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Investigation of primary and secondary aerosols from wood combustion with a high resolution time of flight aerosol mass spectrometer

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Investigation of primary and secondary aerosols from wood combustion with a high resolution time of flight aerosol mass spectrometer Maarten Heringa – PowerPoint PPT presentation

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Title: Investigation of primary and secondary aerosols from wood combustion with a high resolution time of flight aerosol mass spectrometer


1
Investigation of primary and secondary aerosols
from wood combustion with a high resolution time
of flight aerosol mass spectrometer
Maarten Heringa Laboratory of Atmospheric
Chemistry Paul Scherrer Institut,
Switzerland Gothenburg 23-06-2008
2
Why are we interested in wood burning?
  • Biomass has the potential to become the worlds
    largest and most sustainable renewable energy
    source. (2004 Survey of Energy Resources World
    Energy Council)
  • Three billion people use small-scale wood fueled
    appliances that are both inefficient and highly
    polluting. (2007 Survey of Energy Resources World
    Energy Council)

3
Examples of wood burning
4
Wood burning in Roveredo Switzerland
Wood is used as fuel for 75 of the domestic
heating installations in Roveredo Switzerland1
1(Alfarra et al., 2007 Environ. Sci. Technol)
5
Wood combustion
Cellulose, hemicellulose and lignin are the main
constituents of wood
Incomplete combustion C,H,O O2 ? CO2 H2O
CO CxHyOz N2 impurities NOx salts
minerals BC
Complete combustion C,H,O O2 ? CO2 H2O N2
impurities NOx salts minerals
6
Wood combustion markers
Levoglucosan has been reported as major
constituent of fine particulate emissions2 and
its prominent fragment at m/z 60 has been used as
marker ion3
Fragment m/z 60 is not unique for levoglucosan!
2(Reid et al., 2005 Atmos. Chem. Phys)
3(Alfarra et al., 2007 Environ. Sci. Technol)
7
Objectives
  • Characterization of primary emissions
  • Log wood burners
  • Automatic pellet burners
  • Wood burning markers m/z 60, 73 and 137
  • Investigation of the stability of wood burning
    markers m/z 60, 73 and 137
  • Investigation of the SOA formation potential of
    wood burning emissions in the PSI smog chamber

8
HR-ToF-AMS
Q-AMS
TOF Spectrometer
Quadrupole Mass Spectrometer
Flow 2.2 cm3/sec
Flow 1.3 cm3/sec
Critical orifice (100 µm)
Critical orifice (130 µm)
Chopper (150 Hz)
Thermal Vaporization (600C) and Electron
Ionization (70 eV)

e
TOF Region
Aerodynamic Lens (2 Torr)
Particle Inlet (1 atm)
Turbo Pump (1E-3 Torr)
Turbo Pump (1E-5 Torr)
Turbo Pump (1E-8 Torr)
DETECTION CHAMBER
AERODYNAMIC SIZING CHAMBER
(Jayne et al., 2000 De Carlo et al., 2006)
9
Primary emissions
Pellet burner 80 (7.2 kW), 1.46 kg/h
Log wood burner 0.5kg softwood 2 x 2.7kg beech
10
Scheme of the setup
CVS
Clean air generator
Excess air
Excess air
Dilution ratio 150x
Heated Diluter (150C)
Diluter
11
Dilution ratio calculations
12
Pellet burner
13
Start automatic burner
Start peak
Wood burning markers m/z 60, 73, 137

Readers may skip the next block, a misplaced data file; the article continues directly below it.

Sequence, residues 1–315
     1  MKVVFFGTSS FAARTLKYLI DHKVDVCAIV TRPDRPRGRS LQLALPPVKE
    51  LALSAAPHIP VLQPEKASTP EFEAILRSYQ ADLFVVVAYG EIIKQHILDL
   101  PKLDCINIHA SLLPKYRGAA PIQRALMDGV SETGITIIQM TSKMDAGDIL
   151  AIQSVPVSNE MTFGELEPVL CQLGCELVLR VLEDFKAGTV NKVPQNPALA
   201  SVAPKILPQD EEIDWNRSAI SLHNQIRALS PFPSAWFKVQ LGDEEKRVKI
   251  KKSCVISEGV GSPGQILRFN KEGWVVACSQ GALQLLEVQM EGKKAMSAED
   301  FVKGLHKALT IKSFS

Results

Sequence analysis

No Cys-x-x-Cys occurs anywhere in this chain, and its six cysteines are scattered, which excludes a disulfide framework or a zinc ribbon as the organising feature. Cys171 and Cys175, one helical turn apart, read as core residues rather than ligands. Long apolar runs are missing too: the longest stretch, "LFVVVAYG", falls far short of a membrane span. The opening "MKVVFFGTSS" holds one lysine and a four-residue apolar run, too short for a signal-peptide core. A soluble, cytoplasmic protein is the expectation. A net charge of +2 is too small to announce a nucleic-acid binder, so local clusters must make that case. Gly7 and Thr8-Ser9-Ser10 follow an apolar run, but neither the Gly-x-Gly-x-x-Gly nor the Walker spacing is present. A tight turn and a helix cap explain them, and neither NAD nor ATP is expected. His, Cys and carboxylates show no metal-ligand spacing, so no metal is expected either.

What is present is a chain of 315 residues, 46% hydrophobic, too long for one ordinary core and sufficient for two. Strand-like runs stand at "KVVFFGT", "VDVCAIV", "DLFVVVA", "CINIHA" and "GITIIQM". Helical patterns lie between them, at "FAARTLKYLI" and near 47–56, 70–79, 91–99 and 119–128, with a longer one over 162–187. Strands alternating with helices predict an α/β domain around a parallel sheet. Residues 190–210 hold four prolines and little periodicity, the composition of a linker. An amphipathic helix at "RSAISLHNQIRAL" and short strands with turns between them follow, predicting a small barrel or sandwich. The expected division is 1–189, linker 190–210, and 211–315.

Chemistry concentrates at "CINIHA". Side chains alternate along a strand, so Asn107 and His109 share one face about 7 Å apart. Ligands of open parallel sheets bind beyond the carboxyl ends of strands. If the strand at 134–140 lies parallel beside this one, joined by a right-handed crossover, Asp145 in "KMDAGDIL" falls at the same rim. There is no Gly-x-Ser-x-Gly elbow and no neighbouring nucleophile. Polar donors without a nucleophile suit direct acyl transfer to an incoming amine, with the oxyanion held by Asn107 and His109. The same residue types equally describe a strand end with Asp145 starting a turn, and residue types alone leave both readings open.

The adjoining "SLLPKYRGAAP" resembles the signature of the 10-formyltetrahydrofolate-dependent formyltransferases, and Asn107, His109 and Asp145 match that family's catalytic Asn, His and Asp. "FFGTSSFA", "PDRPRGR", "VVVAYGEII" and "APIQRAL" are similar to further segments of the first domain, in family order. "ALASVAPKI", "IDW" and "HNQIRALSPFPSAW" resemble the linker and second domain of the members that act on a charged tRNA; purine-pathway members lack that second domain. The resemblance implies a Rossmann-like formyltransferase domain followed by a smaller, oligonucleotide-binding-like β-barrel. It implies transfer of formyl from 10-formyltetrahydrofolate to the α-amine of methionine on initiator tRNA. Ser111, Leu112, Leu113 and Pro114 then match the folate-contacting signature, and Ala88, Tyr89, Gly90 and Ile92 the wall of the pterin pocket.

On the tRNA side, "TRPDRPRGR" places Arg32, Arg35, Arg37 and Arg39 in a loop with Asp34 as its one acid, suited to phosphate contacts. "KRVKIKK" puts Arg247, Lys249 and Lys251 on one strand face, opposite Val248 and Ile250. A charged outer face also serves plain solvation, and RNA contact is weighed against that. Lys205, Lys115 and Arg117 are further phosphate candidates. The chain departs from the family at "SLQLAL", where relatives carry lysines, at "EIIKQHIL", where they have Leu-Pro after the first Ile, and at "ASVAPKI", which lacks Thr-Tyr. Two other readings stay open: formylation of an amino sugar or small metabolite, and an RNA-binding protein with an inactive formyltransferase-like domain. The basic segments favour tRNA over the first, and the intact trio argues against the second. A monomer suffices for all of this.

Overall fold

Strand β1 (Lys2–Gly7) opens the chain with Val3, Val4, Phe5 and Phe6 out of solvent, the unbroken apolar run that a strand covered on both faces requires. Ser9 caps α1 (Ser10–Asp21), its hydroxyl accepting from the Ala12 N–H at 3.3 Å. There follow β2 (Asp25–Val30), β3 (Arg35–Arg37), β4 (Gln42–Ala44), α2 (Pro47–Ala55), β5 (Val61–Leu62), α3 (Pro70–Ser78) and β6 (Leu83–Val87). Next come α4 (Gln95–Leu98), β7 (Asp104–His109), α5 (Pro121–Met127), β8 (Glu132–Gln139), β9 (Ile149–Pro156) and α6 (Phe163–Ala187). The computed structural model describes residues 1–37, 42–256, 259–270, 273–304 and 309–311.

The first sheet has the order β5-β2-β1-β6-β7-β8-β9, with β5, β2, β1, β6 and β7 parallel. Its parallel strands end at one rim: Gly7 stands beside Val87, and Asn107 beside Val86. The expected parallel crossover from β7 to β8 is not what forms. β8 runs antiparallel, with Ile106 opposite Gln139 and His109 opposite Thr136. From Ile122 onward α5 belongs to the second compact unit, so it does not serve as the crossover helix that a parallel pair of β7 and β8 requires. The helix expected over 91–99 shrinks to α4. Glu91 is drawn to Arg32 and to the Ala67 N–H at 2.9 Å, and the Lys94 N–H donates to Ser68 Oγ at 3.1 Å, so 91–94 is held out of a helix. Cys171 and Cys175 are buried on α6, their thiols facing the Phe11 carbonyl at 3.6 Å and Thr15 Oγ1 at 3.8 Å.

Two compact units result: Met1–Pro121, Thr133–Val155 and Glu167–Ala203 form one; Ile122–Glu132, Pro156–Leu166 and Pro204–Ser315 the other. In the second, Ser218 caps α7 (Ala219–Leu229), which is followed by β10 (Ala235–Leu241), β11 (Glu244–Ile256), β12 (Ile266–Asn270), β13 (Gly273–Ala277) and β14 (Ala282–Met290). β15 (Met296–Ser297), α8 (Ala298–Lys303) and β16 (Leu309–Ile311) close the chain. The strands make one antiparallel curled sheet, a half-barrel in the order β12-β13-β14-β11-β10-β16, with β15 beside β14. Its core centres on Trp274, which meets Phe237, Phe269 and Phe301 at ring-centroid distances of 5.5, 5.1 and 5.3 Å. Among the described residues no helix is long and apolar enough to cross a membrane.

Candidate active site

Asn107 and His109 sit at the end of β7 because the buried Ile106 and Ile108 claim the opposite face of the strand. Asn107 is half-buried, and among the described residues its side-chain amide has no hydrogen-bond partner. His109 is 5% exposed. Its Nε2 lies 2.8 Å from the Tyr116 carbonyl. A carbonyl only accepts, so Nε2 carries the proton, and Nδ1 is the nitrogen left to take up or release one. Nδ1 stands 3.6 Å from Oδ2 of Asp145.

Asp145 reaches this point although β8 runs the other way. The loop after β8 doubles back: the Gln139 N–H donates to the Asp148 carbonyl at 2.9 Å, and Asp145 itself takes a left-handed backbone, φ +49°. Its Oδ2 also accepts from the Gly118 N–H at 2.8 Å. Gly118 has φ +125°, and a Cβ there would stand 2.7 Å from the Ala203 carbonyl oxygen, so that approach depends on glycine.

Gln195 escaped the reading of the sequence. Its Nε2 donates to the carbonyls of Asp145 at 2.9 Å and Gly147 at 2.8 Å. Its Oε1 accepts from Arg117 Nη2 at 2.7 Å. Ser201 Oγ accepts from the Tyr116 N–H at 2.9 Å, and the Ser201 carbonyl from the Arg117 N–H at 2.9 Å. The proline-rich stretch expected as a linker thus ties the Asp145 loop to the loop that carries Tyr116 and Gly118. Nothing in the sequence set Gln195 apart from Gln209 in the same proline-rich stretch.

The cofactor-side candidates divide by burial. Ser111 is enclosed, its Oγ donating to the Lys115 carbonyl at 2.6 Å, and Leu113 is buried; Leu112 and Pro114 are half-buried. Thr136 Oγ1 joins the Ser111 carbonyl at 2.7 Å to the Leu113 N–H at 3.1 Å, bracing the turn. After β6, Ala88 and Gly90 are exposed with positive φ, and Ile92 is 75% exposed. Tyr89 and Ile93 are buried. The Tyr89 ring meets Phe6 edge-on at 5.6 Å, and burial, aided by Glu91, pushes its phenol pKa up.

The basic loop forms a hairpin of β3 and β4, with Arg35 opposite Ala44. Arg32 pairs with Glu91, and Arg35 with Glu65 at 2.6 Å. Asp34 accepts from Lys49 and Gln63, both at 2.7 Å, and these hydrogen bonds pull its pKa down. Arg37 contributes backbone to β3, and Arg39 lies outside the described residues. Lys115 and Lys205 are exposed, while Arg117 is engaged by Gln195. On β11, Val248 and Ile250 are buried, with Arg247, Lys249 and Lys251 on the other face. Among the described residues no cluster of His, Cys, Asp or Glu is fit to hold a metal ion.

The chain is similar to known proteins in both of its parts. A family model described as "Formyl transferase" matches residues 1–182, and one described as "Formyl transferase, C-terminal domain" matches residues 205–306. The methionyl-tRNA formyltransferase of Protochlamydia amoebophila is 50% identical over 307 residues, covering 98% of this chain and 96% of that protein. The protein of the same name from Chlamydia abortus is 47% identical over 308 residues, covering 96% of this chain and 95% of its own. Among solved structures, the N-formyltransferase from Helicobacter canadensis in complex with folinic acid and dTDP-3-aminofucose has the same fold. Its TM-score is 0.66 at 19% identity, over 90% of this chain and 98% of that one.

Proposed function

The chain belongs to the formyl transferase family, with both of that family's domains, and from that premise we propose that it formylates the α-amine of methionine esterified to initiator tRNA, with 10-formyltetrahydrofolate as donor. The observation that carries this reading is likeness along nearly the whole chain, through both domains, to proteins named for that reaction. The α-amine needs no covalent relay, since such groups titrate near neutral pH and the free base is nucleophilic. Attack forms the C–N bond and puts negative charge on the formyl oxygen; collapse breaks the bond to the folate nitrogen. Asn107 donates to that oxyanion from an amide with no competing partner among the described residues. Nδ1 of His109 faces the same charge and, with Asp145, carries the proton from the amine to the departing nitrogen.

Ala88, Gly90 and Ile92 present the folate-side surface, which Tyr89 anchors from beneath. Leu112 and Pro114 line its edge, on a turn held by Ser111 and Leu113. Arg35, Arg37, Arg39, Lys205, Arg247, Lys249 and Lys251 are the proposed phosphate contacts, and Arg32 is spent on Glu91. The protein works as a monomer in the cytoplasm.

14
Stable burning automatic burner
Stable burning
Wood burning markers m/z 60, 73, 137
15
Reproducibility of a log wood burner
2.7kg of beech cut to a standard size and weight
(Weimer et al., 2008 Geophysical Research)
16
Log wood burner
17
First load of beech
18
End of the fire
19
Smog chamber setup
CO,CO2,NOx,O3
Excess air
Clean air generator
Heated line (150C)
18
CO2
Heated Diluter
4 L/min
20
Smog chamber experiment
  • Humidification of the chamber
  • Background measurements
  • Start the burner
  • Filling the chamber
  • Measurement
  • primary emissions
  • Lights on

21
Organics and black carbon
22
Wood burning markers
23
Oxidation
24
Conclusions
  • Automatic pellet burners produce high
    concentrations of organics during the ignition
  • During stable burning the spectrum of the
    organics is dominated by m/z 44 which is the
    dominant signal of OOA
  • Log wood burners show large variations in
    concentration between runs and during a burning
    cycle
  • The wood burning marker at m/z 60
  • is mainly formed during the start
  • consist of one molecular formula
  • is stable for gt 5 hours
  • Oxidation of the gas phase emissions of the
    tested log wood burner increased the organic
    aerosol mass with a factor of 2-3

25
Take home
  • Burning automatic pellet burners emit less
    organics during stable burning than log wood
    burners. Nevertheless, high concentrations of
    organics are emitted during the ignition.
  • Log wood burners show large variations in
    emissions between runs and during a single
    burning cycle. The spectral changes during the
    burning cycle makes it more difficult to identify
    a representative source profile.
  • A particle filter can reduce the primary aerosol
    emissions. However, due to SOA formation, only a
    reduction of 25-40 can be established (for a
    particle filter with 80 efficiency)

26
Thanks to
Roberto Chirico, Peter DeCarlo, Agnes Richard,
Torsten Tritscher, Marco Steiger, Rami
Alfarra, Andre Prévôt Urs Baltensperger
Nickolas Meyer Heinz Burtcher
Michael Sattler Christian Gaegauf
Thank you for your attention
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